An experience worth fighting for

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When I was 14 years old, just before high school started, I moved to a new neighborhood: my teenage self’s worst nightmare. My little freshman self probably wouldn’t believe me if I told her that I’ve loved every moment at New Trier.

I’ve realized that the fear and uncertainty I felt initially are only natural for any transition in life, whether you move somewhere or just transitioning to high school. Nothing we experience in life will ever be perfect. In fact, I even decided to write a graduation speech to thank NT and everyone I have met along the way.

Even though I didn’t get the opportunity to be the commencement speaker for the class, it felt great to audition. I’m lucky enough to have a voice in the school newspaper to express my gratitude.

Anyway, this experience wasn’t easy, but I think I was able to manage this uncertainty by recognizing how important it was to enjoy the mystery of life. It helped me maintain a positive attitude in difficult times, and led to friendships with other students, teachers, and faculty.

Some of my best friends tease me about how I always smile and say “hi” to everyone. Life is so beautiful, and when I step back to appreciate it, I can’t help but smile. My law and justice teacher once told our class he gives love to all his classes, and this, the importance of telling people we love and appreciate them, really meant a lot to me.

The endless cheering and encouragement my cross country coaches and teammates have given me, despite the fact that I finished last in almost every race.
It was never something I expected to experience when moving, but it made me feel like I belonged.

That’s the biggest struggle we’ll all face: how to lift up the world we live in. We have to remember the struggles and complexity people face around the world.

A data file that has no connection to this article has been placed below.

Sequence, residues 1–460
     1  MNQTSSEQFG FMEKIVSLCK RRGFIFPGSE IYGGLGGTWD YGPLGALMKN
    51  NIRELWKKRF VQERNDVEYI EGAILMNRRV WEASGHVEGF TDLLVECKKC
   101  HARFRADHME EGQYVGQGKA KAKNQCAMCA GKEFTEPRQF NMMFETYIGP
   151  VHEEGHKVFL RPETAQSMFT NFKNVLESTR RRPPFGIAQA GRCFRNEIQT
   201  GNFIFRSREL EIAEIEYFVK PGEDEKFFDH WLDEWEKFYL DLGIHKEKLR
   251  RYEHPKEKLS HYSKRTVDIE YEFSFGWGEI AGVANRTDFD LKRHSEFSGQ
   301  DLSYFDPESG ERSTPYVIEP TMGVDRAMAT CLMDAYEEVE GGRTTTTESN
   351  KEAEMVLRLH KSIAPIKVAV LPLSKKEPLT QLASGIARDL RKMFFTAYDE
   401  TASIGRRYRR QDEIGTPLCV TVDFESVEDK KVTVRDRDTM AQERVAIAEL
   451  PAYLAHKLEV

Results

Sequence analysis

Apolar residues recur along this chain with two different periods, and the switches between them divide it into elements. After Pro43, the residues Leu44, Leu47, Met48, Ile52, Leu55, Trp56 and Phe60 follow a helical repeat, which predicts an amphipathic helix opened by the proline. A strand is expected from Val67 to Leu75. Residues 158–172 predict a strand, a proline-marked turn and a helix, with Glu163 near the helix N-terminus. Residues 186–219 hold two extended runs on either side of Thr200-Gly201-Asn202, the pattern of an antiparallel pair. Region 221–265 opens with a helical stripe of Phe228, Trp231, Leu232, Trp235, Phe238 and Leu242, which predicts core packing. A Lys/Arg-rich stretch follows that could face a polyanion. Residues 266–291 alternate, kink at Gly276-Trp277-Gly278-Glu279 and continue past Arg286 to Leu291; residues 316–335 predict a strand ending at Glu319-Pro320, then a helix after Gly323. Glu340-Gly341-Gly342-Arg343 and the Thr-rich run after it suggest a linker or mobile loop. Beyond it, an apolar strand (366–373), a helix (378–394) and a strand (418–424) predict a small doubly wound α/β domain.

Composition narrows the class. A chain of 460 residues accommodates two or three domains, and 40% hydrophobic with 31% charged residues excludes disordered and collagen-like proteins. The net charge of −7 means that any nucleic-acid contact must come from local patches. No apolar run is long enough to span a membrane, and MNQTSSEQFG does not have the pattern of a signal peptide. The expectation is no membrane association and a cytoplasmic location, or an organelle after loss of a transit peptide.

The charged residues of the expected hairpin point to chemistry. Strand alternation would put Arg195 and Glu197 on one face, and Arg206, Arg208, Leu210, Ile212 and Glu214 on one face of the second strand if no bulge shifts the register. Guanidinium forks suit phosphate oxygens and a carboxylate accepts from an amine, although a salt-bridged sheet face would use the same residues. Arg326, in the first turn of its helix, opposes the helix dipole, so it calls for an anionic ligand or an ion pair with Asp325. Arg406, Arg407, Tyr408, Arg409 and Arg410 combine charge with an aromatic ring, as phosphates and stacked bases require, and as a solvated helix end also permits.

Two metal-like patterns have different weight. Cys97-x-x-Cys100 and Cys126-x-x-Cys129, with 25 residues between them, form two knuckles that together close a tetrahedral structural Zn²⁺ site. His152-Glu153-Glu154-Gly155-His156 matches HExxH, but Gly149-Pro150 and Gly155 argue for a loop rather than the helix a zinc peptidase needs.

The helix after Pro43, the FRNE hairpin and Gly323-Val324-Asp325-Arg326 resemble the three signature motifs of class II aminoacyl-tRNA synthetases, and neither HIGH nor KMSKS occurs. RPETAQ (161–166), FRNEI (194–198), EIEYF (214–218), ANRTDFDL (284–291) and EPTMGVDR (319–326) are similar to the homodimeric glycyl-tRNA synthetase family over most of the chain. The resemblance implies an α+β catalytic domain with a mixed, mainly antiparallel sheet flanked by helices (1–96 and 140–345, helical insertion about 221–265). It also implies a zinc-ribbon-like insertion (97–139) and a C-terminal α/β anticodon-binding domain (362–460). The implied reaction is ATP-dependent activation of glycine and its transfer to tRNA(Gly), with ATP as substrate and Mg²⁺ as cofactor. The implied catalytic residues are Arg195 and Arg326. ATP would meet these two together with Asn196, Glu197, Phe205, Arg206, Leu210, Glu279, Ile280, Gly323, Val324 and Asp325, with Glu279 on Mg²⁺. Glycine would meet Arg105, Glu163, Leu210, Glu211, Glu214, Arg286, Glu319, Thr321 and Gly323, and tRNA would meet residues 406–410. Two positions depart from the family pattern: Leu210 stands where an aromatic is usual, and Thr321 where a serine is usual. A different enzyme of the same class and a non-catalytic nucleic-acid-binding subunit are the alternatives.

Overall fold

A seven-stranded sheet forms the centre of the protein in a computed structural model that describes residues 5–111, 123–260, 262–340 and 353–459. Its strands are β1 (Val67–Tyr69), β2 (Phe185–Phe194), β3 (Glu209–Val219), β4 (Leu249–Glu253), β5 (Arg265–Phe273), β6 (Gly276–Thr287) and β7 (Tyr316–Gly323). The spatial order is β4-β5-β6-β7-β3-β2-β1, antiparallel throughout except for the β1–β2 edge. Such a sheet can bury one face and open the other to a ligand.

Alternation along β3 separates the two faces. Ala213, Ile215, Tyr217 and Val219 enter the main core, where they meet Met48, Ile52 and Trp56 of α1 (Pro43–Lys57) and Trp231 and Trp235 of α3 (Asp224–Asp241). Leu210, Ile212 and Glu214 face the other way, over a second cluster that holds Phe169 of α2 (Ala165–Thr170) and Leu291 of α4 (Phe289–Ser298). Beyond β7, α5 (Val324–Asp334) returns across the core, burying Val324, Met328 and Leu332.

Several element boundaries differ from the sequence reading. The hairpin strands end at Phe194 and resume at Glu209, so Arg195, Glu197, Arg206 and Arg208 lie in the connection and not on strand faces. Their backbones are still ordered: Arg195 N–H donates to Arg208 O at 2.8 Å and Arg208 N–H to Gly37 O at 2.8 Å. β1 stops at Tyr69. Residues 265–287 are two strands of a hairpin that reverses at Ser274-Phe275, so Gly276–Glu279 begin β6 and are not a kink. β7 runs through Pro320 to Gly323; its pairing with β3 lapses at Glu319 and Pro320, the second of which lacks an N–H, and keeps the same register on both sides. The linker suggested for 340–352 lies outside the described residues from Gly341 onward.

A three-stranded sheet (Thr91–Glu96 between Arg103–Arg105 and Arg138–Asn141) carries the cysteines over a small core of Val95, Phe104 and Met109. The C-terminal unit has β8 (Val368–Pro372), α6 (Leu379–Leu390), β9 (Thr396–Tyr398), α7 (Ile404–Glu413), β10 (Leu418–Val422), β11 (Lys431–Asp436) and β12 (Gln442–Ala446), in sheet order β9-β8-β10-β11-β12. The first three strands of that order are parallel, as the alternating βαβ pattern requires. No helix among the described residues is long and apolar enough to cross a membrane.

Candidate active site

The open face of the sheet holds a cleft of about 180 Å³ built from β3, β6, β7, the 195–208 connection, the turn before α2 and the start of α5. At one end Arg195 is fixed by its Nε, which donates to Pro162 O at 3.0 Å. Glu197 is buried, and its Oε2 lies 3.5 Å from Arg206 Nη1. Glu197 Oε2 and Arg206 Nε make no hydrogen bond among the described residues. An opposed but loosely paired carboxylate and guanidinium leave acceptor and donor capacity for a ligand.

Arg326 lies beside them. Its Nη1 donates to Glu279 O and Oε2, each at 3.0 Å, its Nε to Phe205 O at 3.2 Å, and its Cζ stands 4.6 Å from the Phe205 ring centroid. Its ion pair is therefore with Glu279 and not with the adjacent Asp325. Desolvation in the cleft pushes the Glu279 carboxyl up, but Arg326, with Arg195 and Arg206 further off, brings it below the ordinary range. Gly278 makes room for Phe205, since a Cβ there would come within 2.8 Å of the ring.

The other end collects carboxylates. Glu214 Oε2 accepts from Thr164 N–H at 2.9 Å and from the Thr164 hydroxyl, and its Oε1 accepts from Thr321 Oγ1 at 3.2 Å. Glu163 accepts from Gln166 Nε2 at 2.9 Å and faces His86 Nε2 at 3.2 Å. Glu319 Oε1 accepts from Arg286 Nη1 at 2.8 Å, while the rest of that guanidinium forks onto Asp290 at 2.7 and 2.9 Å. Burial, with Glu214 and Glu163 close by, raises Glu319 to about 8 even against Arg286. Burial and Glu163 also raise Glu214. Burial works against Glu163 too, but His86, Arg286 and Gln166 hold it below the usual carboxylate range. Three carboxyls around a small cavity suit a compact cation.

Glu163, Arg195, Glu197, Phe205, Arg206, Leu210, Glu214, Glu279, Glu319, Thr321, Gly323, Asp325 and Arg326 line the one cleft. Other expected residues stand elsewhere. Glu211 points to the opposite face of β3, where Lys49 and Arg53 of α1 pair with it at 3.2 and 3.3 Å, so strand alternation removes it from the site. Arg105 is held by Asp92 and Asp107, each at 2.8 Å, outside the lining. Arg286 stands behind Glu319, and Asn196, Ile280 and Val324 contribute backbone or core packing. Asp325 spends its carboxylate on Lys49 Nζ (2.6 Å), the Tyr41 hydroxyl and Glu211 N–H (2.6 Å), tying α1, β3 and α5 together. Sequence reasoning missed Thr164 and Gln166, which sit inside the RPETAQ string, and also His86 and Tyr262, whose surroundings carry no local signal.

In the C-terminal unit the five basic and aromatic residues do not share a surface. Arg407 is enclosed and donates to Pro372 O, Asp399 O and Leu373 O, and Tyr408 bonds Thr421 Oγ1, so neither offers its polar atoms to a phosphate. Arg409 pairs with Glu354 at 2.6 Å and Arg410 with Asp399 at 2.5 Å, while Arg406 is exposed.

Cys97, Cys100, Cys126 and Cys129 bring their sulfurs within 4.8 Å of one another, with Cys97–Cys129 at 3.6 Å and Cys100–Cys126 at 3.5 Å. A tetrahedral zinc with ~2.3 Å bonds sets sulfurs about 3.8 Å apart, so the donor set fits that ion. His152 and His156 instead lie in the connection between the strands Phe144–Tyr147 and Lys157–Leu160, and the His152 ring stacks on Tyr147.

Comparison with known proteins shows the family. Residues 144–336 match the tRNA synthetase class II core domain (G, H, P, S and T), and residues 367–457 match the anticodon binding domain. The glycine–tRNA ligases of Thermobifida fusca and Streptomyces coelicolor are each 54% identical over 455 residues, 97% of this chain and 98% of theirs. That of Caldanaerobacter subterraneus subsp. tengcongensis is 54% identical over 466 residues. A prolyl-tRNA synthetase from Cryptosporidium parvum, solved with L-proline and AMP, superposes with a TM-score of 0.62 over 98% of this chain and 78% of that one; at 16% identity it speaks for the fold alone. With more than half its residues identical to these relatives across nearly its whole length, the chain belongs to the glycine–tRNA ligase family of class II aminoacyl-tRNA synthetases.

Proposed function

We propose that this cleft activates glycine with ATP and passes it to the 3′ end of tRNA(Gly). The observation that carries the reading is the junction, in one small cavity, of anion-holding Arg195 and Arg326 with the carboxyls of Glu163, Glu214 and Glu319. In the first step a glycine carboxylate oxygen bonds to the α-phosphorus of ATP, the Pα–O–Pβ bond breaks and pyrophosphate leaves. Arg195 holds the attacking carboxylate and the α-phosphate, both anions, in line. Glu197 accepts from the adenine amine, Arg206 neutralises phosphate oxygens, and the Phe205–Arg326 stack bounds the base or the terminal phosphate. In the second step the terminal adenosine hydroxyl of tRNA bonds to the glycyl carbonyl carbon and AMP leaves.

Thanks to my Lit Film class, watching movies is one of my hobbies. One of my favorite movies is “Scent of a Woman” which has a scene where a young student, Charlie, prevents a crotchety, retired veteran, Frank, from taking his own life. He repeats the advice that Frank had once given him earlier in the movie, saying “If you get all tangled up, just tango on.”

Sometimes, we make mistakes. We feel scared and uncertain. We don’t know where to go in life. All we have is our ability to tango on and hope for the best. There’s always a solution and you are never ever alone. And as I look back on how far I have come, every day, I am full of gratitude and hope for the future. I can truly say with a full heart that I can’t imagine not moving.

I’m 17 now, and while I don’t know everything, the four years since freshman year have taught me a few things: we have to do our best to see the humanity in others. It’s okay to show emotion and express how we feel. It’s okay to be uncertain of our future. Sometimes we have to let go of our worry and fill that void with awe for the mystery of the world around us. We have to latch onto appreciation for the little gestures from the people around us and I believe that’s what life is all about. Finding happiness in the little fragments of everyday life.

Every day I wake up knowing how privileged I am to be alive. I am surrounded by family and friends who support me and to be surrounded by a school environment who allows me to reach for my dreams is an absolute privilege. To be given every opportunity to succeed is something I will never take for granted.

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